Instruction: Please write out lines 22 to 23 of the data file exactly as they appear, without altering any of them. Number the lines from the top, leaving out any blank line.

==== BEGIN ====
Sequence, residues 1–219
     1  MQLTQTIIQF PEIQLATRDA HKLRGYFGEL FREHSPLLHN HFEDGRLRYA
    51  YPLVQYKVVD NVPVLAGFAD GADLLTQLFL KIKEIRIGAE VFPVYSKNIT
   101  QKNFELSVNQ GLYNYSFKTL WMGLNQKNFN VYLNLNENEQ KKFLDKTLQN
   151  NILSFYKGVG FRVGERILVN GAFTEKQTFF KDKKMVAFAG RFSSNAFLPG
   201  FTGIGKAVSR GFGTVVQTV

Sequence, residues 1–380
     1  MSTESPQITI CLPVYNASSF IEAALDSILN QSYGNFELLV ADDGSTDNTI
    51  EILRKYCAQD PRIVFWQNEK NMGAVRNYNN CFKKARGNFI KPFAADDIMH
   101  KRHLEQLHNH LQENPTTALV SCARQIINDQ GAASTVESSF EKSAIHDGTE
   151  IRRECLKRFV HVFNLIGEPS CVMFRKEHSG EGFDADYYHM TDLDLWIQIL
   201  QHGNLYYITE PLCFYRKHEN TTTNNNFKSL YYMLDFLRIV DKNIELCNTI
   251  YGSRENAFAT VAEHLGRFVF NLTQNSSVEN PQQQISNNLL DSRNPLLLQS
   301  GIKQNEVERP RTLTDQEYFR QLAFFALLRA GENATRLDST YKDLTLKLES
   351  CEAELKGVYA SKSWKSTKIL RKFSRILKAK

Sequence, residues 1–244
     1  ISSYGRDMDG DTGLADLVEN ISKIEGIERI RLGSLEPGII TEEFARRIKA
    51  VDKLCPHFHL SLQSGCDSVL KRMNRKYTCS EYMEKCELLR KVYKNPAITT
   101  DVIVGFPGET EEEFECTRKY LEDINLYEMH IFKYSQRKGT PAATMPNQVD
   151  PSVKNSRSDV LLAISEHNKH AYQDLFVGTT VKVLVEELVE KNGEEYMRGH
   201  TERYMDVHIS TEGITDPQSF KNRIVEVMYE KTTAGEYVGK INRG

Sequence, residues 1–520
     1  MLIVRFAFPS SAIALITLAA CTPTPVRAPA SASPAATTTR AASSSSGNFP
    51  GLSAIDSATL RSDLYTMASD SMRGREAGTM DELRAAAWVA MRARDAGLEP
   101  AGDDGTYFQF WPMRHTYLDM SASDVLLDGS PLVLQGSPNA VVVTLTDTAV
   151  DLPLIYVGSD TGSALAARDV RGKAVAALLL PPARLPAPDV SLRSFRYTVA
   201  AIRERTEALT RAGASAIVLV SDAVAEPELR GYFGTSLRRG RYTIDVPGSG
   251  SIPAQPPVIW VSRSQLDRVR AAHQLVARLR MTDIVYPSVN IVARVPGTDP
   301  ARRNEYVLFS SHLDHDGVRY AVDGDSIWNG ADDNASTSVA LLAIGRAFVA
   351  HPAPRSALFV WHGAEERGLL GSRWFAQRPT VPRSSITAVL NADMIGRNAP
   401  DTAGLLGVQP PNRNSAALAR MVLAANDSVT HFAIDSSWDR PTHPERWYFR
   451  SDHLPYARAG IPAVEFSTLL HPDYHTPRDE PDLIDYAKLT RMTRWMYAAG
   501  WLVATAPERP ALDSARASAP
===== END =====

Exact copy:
Sequence, residues 1–520
     1  MLIVRFAFPS SAIALITLAA CTPTPVRAPA SASPAATTTR AASSSSGNFP